Bury the accelerator pedal away from the mark way and the transmission instantly feels like it has lost connection with the engine, as the frantic leap in engine revs appears to have minimal influence on a relatively leisurely increase in road speed. To be fair, it’s only initial standing starts that expose this rather freakish characteristic, and once above 30mph, additional acceleration comes on strong and in a more proportionate manner.
The 2.0-litre turbocharged engine is far more conventional, sending power to the rear wheels via a traditional eight-speed automatic, and along with a considerably lighter kerb weight, it feels immediately sprightlier than the Hybrid. It’s not the sweetest or the most linear engine, however, lacking a bit of low-end grunt and becoming quite raspy towards the rev counter extremities.
What’s more, given it produces near identical power to a 428i Coupe, its fuel efficiency and its performance aren’t in the same ball park as the BMW’s. Even further evidence, then, that the RC has scoffed far too many pies. You’re also patently aware of this heft when pushing on; despite the nicely weighted steering, the RC seldom feels like it is in a hurry to change direction.
Offsetting this rather laid back attitude, the RC does do its best to charm you with refinement. Wind and road noise are impressively subdued, and occupants are well isolated from suspension noise when encountering rougher road surfaces.
Inside, the RC is easily the equal of any of its German rivals. There are plenty of standard toys, all of the materials on show are premium grade and the overall fit and finish represents a study in precision. Further evidence of this attention-to-detail can be found in the layout of the steering wheel, which is plumb in-line with the centre of the driver’s seat and pedals that are aligned and spaced to give a near perfect driving position. This is not something you can say about German coupes, as they are all blighted to some extent, either by steering wheels that are off-centre or pedals that are specifically designed to twist your vertebrae out of kilter.
In a further effort to provide comfort, the RC’s centre console is precisely the same height as the door panel armrest, but as a result you do feel quite hemmed in and this can prove rather restrictive (as well as bruising to the funny bone) if you’re trying to sling-shot the RC through a series of switch back bends.
Undoubtedly, the RC’s biggest black mark goes to the centre console-mounted tracking pad that controls the various infotainment menus. Infernally small and overly sensitive, even if you’re blessed with ambidexterity, it’s an absolute nightmare to try and operate when driving.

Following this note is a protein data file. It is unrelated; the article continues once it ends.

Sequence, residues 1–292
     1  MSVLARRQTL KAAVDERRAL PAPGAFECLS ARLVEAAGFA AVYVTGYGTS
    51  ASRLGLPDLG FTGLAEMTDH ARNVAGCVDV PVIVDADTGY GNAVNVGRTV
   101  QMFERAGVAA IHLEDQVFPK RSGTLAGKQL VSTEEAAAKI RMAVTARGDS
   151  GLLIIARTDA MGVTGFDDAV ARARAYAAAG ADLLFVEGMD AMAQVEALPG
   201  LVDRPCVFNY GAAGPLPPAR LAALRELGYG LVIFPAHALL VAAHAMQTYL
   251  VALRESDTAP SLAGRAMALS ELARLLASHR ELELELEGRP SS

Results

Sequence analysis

More positively, although the figures suggest the RC’s boot is smaller than that of the 4 Series, it is well proportioned in all the right areas. It will easily accommodate a suit case, a folding trolley and a full size golf tour bag.
Should I buy one?
On paper, the RC has far more pluses than minuses. We like the looks, the fit and finish, the levels of standard kit and the on-road refinement. We are less convinced by the excess flab and the suitability of the powertrains. If you held a gun to our heads, we’d recommend the turbocharged 2.0-litre above the Hybrid. It’s not the most thrilling, the most refined or the most efficient engine, but because it makes the RC feel sprightlier, it gets our vote.
The Hybrid’s relatively modest petrol power output, allied to its ability to drive solely on electric power, does give it an extremely low CO2 output. No doubt the impact of this on company tax liabilities will not be lost on business users. Whether you can live with its transmission is quite another matter, though. We know we’d struggle, and we’re pretty convinced that lots of sports coupe owners would, too.
BMW 4 Series Coupe Wicked looks, engaging performance and handling, impressive efficiency and spacious, stylish accommodation; no wonder the BMW 4 Series Coupe is the default choice for savvy coupe buyers.
Audi A5 Coupe Ageing gracefully but it’s more of a GT than a true sports coupe. Interior quality remains impressive but accommodation is tight and the design and tech are starting to looks jaded compared to newer Audis.
Mercedes C-Class Coupe The C-Class Coupe will be replaced later this year. Just as well, as the current car is blighted by an overly firm ride, harsh engines and lacklustre interior quality.